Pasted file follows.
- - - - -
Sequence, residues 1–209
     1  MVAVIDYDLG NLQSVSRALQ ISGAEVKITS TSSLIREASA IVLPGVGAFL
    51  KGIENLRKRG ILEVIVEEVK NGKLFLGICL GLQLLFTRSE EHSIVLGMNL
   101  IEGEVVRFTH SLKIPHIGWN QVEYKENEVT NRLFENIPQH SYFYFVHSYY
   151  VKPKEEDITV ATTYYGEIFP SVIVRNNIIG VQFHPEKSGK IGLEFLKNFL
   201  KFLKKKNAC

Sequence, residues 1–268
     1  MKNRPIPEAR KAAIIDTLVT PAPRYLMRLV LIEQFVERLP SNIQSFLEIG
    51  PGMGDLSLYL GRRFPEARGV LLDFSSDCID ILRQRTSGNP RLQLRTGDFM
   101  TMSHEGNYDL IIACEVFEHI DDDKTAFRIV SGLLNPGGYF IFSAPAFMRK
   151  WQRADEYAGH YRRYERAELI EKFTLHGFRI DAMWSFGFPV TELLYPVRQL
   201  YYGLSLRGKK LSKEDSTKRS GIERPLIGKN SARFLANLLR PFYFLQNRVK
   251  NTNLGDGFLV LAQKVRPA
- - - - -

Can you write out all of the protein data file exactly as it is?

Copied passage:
Sequence, residues 1–209
     1  MVAVIDYDLG NLQSVSRALQ ISGAEVKITS TSSLIREASA IVLPGVGAFL
    51  KGIENLRKRG ILEVIVEEVK NGKLFLGICL GLQLLFTRSE EHSIVLGMNL
   101  IEGEVVRFTH SLKIPHIGWN QVEYKENEVT NRLFENIPQH SYFYFVHSYY
   151  VKPKEEDITV ATTYYGEIFP SVIVRNNIIG VQFHPEKSGK IGLEFLKNFL
   201  KFLKKKNAC

Sequence, residues 1–268
     1  MKNRPIPEAR KAAIIDTLVT PAPRYLMRLV LIEQFVERLP SNIQSFLEIG
    51  PGMGDLSLYL GRRFPEARGV LLDFSSDCID ILRQRTSGNP RLQLRTGDFM
   101  TMSHEGNYDL IIACEVFEHI DDDKTAFRIV SGLLNPGGYF IFSAPAFMRK
   151  WQRADEYAGH YRRYERAELI EKFTLHGFRI DAMWSFGFPV TELLYPVRQL
   201  YYGLSLRGKK LSKEDSTKRS GIERPLIGKN SARFLANLLR PFYFLQNRVK
   251  NTNLGDGFLV LAQKVRPA